Briton. Cromwell had the English Crown Jewels
destroyed at that time.
1650 June - Charles Stuart, son of Charles
I, returns from exile in Europe and visits
Dunnottar as he makes his case to become King
of Scotland. This sets off a war with the
Parliamentarians led by Cromwell.
1650 September - Cromwell leads a force into
Scotland where they defeated the Scots at
1651 January - Charles II was crowned at
Scone Palace with the Honour's of
Scotland, crown, sword and scepter.
1651 June - the Honour's of Scotland were
taken to Dunnottar Castle for safety.
1651 October - Charles II flees to exile in
1651 November - Cromwell's troops besieged
1652 March - the Honour's of Scotland were
smuggled out of the castle and hidden in
Kinneff Church 6 miles south.
1652 May - artillery arrived at the Castle
leading to Dunnottar being surrendered to
Much of the castle's property and cannon
were removed at this time.
1660 - Charles II was restored to the throne
of all Briton, with the Honour's of Scotland
being returned to the King.
1685 - Charles II dies with his brother
becoming King James II, a Catholic with close
ties to France.
1685 - a rebellion led by the Earl of Argyll
against King James II ended with 167
Covenanters seized and held in a cellar at
Dunnottar. Some escaped, died trying to escape,
or were transported to America. Some were
released after swearing allegiance to the
1689 - the Protestant Queen Mary and her
husband King William became co-rulers of
England, Scotland and Ireland after the
Revolution that led to them overthrowing
Mary's father, James II. James
was the last Catholic monarch. The English
Parliament feared Catholic Monarchs as they
were too close to their main enemy, the French.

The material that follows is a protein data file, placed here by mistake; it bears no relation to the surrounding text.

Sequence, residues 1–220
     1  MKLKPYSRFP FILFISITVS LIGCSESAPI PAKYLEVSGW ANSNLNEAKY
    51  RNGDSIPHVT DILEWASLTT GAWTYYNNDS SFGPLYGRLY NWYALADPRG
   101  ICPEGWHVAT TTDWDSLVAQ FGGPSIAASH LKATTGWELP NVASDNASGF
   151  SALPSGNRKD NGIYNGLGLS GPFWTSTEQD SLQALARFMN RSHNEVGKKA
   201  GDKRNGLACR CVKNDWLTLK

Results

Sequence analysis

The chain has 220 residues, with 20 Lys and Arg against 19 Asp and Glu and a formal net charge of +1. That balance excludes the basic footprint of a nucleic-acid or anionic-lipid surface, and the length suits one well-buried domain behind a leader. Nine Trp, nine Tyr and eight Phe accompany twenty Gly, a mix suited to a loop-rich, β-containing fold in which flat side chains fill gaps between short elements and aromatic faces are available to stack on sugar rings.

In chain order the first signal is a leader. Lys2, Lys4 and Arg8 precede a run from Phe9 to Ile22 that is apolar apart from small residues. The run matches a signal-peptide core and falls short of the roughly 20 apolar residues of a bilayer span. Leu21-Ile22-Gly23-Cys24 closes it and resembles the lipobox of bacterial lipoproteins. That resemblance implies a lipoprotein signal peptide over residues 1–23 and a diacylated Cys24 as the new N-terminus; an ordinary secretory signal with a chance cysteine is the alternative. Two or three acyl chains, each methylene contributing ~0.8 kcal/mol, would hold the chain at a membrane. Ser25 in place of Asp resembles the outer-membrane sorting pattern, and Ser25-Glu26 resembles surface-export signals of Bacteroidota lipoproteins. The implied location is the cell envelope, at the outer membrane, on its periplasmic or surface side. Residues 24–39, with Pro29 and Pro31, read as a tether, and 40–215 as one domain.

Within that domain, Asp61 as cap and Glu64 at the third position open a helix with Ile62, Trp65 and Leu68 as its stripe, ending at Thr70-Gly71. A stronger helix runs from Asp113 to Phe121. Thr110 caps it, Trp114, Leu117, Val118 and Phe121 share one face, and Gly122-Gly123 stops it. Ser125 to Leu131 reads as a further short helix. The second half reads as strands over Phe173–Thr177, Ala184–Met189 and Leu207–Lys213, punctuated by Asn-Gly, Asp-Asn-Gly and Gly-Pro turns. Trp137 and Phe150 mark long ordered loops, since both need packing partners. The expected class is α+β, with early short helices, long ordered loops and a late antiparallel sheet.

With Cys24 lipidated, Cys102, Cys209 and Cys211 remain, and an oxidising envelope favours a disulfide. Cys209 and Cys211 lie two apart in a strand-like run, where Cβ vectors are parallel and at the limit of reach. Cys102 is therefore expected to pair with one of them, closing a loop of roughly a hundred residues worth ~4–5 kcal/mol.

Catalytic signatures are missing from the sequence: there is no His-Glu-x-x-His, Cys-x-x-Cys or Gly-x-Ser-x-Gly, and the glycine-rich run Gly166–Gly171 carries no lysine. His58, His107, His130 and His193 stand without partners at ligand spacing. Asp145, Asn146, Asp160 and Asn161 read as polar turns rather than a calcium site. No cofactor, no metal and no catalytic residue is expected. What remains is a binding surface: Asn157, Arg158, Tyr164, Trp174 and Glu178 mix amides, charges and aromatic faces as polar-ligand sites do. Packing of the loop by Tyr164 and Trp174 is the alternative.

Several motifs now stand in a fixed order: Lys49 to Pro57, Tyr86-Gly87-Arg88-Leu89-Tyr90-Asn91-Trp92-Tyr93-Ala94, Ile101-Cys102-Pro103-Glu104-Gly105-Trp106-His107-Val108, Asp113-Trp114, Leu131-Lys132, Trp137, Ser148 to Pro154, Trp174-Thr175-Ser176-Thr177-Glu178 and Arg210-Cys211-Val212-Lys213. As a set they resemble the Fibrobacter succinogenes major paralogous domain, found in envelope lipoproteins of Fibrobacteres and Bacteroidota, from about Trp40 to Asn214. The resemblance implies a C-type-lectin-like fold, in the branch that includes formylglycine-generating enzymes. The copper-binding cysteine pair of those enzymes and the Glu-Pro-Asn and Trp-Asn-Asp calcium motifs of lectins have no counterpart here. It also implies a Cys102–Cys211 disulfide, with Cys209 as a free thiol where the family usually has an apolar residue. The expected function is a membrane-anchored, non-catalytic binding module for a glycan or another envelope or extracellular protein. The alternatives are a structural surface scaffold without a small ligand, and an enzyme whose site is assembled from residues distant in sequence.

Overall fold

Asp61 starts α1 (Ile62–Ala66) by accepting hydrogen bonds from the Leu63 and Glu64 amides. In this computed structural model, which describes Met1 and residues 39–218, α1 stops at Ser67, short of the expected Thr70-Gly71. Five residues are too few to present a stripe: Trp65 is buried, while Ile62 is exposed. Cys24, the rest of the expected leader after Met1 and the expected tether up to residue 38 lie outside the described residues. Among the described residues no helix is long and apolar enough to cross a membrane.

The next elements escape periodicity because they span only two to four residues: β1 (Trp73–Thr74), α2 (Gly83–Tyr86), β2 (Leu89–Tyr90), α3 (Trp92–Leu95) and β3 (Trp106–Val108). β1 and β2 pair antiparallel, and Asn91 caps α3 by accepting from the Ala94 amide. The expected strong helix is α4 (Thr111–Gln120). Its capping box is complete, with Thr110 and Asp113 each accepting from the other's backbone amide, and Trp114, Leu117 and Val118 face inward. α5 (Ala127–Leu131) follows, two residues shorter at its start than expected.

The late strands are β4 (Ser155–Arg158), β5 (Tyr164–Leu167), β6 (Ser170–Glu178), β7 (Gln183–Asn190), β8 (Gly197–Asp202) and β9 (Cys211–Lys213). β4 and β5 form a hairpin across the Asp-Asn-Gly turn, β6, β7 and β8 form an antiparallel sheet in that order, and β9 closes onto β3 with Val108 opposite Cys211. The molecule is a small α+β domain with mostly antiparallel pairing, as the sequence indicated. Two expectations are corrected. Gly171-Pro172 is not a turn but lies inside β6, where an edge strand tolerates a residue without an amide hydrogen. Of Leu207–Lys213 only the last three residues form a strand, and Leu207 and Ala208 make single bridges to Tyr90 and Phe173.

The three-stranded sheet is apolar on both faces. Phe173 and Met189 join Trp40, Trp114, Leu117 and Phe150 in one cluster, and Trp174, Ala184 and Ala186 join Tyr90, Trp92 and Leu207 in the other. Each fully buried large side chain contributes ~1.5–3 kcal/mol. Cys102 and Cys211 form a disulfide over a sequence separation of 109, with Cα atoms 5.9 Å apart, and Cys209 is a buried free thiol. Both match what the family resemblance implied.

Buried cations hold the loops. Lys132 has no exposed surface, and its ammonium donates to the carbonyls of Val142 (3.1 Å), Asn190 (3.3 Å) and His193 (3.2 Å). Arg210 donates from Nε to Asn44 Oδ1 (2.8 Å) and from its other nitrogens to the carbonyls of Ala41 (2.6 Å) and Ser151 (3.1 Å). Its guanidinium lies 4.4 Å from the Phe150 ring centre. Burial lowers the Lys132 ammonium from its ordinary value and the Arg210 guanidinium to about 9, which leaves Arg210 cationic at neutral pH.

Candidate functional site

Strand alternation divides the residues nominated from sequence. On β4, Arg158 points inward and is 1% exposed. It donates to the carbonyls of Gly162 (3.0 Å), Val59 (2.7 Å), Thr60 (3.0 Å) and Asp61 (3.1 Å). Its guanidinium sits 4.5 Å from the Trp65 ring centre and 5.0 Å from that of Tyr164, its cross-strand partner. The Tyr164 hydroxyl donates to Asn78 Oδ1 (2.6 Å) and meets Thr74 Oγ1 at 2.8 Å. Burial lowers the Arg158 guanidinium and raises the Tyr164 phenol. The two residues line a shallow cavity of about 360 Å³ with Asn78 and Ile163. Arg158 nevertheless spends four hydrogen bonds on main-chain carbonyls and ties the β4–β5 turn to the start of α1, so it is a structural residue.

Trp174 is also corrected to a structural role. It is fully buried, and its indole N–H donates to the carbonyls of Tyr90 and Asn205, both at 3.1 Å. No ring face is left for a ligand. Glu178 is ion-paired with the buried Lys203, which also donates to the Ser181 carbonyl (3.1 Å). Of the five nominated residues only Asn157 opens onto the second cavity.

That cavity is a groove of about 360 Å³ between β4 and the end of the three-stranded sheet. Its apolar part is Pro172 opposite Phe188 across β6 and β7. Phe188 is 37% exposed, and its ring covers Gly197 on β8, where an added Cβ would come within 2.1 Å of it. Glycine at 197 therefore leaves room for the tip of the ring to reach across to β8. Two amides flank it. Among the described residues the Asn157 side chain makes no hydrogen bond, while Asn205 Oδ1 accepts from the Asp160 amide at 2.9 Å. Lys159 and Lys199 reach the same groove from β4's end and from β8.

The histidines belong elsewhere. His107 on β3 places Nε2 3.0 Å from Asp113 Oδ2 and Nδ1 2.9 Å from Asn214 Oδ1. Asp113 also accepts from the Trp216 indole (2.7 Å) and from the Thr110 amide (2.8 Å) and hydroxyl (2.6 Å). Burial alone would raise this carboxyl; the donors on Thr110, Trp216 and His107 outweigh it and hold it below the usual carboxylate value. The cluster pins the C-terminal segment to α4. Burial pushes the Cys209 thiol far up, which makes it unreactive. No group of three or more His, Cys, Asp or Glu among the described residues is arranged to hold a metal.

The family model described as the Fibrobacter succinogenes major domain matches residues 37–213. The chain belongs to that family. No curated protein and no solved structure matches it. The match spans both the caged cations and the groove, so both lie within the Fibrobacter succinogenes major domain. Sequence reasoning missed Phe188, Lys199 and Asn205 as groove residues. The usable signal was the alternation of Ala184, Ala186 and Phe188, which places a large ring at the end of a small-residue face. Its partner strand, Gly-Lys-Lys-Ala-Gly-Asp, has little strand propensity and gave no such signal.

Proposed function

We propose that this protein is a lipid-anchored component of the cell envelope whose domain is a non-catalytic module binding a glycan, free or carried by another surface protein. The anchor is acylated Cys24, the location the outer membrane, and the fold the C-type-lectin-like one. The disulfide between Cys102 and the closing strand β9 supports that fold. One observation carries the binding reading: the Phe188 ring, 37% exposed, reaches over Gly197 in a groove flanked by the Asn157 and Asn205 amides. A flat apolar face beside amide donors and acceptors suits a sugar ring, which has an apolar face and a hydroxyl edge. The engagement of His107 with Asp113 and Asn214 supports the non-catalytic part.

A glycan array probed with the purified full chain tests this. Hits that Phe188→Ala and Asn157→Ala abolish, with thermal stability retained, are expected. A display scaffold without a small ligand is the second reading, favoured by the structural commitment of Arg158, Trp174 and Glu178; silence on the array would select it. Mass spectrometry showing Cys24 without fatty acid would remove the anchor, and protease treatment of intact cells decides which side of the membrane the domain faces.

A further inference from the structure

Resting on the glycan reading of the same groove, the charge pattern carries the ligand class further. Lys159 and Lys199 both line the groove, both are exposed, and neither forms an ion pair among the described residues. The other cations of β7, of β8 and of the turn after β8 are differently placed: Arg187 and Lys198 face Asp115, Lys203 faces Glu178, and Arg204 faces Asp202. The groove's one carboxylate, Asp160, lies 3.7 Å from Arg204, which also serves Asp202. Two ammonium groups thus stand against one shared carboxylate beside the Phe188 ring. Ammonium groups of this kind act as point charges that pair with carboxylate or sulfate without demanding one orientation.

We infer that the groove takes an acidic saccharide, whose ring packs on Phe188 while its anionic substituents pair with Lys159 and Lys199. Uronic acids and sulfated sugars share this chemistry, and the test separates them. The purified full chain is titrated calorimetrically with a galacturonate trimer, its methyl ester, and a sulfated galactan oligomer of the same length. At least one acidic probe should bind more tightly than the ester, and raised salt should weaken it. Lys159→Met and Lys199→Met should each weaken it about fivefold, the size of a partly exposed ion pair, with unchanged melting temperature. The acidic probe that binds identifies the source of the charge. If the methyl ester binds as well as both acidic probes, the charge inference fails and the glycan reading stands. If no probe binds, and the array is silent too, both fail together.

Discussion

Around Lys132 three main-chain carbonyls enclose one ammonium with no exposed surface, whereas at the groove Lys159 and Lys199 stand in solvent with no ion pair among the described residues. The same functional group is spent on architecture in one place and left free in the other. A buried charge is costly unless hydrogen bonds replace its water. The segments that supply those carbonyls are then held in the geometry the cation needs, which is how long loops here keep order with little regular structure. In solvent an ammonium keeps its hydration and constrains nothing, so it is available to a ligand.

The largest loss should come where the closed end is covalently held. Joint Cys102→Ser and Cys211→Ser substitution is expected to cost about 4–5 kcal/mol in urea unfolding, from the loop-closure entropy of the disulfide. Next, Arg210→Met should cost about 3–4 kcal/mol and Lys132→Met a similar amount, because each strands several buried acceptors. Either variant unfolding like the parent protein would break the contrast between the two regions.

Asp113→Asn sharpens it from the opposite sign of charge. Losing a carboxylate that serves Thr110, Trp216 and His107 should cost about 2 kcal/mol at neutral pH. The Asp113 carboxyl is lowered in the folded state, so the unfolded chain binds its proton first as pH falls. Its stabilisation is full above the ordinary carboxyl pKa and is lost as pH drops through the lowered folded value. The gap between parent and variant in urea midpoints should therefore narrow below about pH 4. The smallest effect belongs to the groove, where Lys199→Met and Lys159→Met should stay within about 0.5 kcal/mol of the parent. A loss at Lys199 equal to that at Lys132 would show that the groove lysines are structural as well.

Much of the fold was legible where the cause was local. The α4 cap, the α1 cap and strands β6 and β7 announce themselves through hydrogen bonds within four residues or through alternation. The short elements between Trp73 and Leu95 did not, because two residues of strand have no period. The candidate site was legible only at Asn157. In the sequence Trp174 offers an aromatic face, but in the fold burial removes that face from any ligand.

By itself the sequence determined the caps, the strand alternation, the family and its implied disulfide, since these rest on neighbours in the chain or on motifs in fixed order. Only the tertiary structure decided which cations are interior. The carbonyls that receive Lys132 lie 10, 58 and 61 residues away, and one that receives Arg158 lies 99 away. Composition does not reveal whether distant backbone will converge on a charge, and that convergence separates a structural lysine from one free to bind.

This would lead to conflicts such as the
Jacobite Risings, people supporting Catholics
with a claim to the throne.
1689 - Dunnottar was used to house troops of
Mary and William during the early Jacobite
1715 - George Keith, 10th Earl Marischal,
fought with the Jacobite's at the Battle of
Sheriffmuir. After the failure of that
Rising, Lord Marischal fled to the Continent
where he became French ambassador for Frederick
the Great of Prussia.
1716 - the titles and estates of George
Keith were forfeited to the Crown.
1720 - the estates of George Keith were sold
to the York Buildings
Company. This English investment company
bought a number of Jacobite estates that had
been taken over by the Crown. They soon hit
financial problems, leading to them selling off
anything they could, including the lead from
Dunnottar Castles roof, leading to much of the
Castle falling into ruin.
1761 - George Keith returned to Scotland and
bought back Dunnottar. The wet Scottish weather
soon led to him returning to Europe.
1766 - Dunnottar was sold to Alexander
Keith, an Edinburgh lawyer. The castle
remained in this family for the following 107
1873 - Major Alexander Innes of Cowie and
Raemoir bought Dunnottar for about £80,000.
1925 - the castle was sold to Weetman
Pearson, 1st Viscount Cowdray, with his wife
taking control of restorations.
The castle was opened to the public around
this time, becoming one of the top attractions
1970 - Dunnottar Castle and the headland was
designated as a scheduled monument.
1972 - a number of buildings in the castle
were listed as being of national
1990 - the film Hamlet,
starring Mel Gibson and Glenn Close had some
scenes shot at the Castle.
Today - the youngest son of the 3rd Viscount
Cowdray runs Dunnottar Castle which is part of
the 52,000-acre Dunecht Estates.